Gretchen Scalpi is a Registered Dietitian, Certified Diabetes Educator, author and Certified Wellcoach®. Gretchen has worked with hundreds of clients in her own private nutrition practice since 2002, providing nutrition and wellness coaching in the areas of diabetes, weight management, food sensitivities, and general wellness. Gretchen provides lectures and workshops on a variety of nutrition topics to corporate and community groups. She is the author of the "The Everything Diabetes Cookbook, 2nd ed.," and "The Everything Guide to Managing and Reversing Prediabetes". If you would like to learn more about Gretchen, or read her newsletter or blog visit http://www.nutritionxpert.com.
Latent Autoimmune Diabetes in Adults (LADA) is a form of diabetes that many people do not know about. It affects adults in the age range of 35-50. The person with LADA usually has some of the signs and symptoms found in type 1 diabetes, but because of their age, they are often diagnosed with type 2 diabetes. About 10% of the diabetic population has LADA, and it may be somewhat more common than type 1 diabetes. Among those diagnosed with type 2 diabetes, up to 15-20% may have been misdiagnosed, and actually have LADA.
Here are some facts that distinguish LADA from type 2 diabetes:
• The person with LADA is usually not overweight and there is little evidence of insulin resistance. In contrast, someone with type 2 diabetes is often overweight and has insulin resistance.
• Insulin may not be required right away, but within a short period of time the person demonstrates a poor response to oral medications. Certain oral medications that treat insulin resistance are ineffective for LADA.
• Medications that stimulate the pancreas to produce insulin (such as Glyburide), or reduce excess glucose production by the liver (such as Metformin) can be helpful in delaying the need for insulin in this type of diabetes.
• When special lab tests are done, people with LADA are found to have certain antibodies, such as GAD65 antibodies that attack the beta cells of the pancreas. Destruction of pancreatic beta cells hastens the decline in insulin production. This helps to explain why insulin may be required much sooner than in someone with type 2 diabetes.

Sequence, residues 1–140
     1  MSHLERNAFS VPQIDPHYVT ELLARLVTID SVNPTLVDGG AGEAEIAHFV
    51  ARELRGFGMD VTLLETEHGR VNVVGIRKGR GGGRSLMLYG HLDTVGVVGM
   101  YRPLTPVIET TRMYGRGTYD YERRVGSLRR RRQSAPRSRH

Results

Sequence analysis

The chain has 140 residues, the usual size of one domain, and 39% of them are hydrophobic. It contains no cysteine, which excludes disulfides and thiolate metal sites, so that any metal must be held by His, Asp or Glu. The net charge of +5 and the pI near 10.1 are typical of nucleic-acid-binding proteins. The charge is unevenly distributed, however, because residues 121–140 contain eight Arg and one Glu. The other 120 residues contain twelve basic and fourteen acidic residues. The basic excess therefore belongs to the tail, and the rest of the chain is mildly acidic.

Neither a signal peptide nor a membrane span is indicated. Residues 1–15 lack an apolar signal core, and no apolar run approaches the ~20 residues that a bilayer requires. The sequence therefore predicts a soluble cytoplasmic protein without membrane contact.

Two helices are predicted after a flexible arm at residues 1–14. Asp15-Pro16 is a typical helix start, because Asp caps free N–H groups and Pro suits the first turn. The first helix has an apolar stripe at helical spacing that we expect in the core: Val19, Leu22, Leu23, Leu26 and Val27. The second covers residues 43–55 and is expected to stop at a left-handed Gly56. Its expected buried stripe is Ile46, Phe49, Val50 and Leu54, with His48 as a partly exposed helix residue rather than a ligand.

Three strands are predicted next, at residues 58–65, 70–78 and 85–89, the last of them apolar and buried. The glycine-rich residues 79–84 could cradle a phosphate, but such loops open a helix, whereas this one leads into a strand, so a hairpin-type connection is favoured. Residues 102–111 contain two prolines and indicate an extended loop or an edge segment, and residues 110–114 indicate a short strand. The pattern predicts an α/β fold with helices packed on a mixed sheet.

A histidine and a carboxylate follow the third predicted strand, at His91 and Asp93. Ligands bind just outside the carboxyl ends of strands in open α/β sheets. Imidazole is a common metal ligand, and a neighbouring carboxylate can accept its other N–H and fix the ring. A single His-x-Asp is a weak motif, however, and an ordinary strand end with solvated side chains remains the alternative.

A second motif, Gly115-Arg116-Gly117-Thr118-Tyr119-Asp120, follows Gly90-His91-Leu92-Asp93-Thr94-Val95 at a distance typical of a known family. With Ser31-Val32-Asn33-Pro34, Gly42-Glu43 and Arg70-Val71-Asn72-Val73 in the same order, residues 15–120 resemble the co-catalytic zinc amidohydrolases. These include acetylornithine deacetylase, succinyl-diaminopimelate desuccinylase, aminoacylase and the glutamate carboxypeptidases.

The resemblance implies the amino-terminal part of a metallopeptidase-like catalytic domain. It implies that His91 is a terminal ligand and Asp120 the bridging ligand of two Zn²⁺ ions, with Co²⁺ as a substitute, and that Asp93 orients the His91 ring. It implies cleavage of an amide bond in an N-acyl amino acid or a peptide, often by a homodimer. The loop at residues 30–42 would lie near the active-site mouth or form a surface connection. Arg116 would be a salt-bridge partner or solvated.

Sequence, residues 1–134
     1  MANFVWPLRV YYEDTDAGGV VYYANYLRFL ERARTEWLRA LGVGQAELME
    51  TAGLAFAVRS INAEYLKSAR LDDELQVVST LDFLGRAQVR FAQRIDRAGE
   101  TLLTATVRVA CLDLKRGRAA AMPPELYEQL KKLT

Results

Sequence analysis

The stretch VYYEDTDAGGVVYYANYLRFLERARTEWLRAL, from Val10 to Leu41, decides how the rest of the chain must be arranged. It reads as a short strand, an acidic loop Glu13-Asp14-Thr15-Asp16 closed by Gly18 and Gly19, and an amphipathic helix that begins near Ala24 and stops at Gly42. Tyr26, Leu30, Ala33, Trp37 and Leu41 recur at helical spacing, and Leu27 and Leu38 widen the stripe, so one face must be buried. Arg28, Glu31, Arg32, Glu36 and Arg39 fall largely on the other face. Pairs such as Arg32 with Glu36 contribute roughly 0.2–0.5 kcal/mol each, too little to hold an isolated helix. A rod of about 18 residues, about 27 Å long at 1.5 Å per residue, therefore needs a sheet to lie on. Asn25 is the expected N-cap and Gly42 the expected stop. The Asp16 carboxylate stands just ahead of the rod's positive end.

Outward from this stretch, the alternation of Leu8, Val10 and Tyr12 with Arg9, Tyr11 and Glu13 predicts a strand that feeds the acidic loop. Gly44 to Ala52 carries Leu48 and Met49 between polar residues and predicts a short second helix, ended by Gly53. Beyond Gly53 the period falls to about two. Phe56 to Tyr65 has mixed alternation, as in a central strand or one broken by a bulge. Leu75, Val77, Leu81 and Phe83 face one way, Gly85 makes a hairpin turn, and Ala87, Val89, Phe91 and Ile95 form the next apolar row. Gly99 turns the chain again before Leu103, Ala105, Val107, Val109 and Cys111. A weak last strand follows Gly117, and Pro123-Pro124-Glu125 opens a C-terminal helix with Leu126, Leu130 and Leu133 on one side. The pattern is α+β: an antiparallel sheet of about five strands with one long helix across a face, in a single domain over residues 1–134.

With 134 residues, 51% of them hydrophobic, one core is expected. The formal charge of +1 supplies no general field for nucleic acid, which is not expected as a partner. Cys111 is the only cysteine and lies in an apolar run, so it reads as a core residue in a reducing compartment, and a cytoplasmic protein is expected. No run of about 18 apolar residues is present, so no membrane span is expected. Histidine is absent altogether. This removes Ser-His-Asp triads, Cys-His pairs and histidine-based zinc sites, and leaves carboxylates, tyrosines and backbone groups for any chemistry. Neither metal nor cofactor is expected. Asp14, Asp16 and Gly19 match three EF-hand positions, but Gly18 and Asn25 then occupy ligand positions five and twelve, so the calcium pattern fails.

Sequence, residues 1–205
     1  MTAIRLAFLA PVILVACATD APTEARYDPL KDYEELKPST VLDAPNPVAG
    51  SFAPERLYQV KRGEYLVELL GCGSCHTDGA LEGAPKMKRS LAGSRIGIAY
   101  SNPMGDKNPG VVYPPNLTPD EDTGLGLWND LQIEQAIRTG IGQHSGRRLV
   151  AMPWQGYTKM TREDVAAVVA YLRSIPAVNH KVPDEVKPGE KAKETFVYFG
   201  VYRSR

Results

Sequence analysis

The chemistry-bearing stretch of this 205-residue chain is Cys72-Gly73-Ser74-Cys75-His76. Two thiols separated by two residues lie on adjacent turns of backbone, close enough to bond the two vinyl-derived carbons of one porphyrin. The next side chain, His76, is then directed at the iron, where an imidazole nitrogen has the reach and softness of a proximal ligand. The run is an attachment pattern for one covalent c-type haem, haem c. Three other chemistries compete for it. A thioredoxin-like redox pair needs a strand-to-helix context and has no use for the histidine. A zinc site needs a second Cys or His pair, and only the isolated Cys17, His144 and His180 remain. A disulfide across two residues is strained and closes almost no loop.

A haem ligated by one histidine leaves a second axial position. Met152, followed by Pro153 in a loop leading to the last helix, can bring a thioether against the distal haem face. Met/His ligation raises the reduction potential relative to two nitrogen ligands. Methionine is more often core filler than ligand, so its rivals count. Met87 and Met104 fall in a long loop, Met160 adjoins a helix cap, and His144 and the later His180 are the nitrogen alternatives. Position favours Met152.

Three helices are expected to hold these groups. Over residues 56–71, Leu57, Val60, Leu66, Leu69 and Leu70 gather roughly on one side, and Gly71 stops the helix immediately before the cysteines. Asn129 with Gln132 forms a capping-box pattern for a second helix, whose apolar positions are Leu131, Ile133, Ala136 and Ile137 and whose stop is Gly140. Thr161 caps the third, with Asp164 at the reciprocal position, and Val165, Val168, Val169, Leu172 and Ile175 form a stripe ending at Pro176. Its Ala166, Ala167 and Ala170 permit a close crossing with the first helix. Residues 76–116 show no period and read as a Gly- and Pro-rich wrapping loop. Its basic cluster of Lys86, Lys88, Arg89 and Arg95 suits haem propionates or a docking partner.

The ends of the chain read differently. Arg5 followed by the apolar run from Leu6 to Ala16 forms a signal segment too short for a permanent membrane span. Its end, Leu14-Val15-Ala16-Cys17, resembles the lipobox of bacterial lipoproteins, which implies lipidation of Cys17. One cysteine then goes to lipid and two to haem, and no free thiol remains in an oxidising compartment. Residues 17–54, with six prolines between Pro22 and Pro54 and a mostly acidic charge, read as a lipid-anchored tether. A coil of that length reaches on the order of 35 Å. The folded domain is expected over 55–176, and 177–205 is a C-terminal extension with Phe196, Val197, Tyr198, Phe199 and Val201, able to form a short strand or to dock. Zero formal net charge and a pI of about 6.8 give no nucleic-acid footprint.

• Metabolic syndrome (obesity, high triglycerides, low HDL cholesterol, or high blood pressure) typically found in type 2 diabetes is often not seen in LADA, making this population less at risk for cardiovascular disease.
• Although the medication and/or insulin regime may differ for the treatment of LADA, having a healthy diet and routine exercise plan remain vital components of the overall treatment plan.
No matter what type of diabetes you have, knowing your type will give you a better understanding of the most appropriate kind of treatment you need.
If you have been diagnosed with type 2 diabetes, but lack the certain characteristics typical to type 2 diabetes, discuss the possibility of LADA with your doctor. It's a good idea to add a Registered Dietitian and/or a Certified Diabetes Educator to your treatment team. They can help you to learn about the many aspects of your treatment including an appropriate eating plan, exercise, glucose monitoring, and medications.
Gretchen Scalpi is a Registered Dietitian, Certified Diabetes Educator, author and Certified Wellcoach®. Gretchen has worked with hundreds of clients in her own private nutrition practice and through her online service, providing nutrition and wellness coaching in the areas of weight management, and general wellness. She is the author of the "Pre-Diabetes: Your Second Chance at Health," and "Quick Start Recipes for Healthy Meals". Visit Gretchen’s new website to learn more about her upcoming webinar “Five Things You Should Know Before Going Gluten-free.”
This article is courtesy of the Top 1% Club and the Top 1% Club Mentor Gail Kasper. For additional information on Gail Kasper, her television appearances and speaking engagements, please visit gailkasper.com.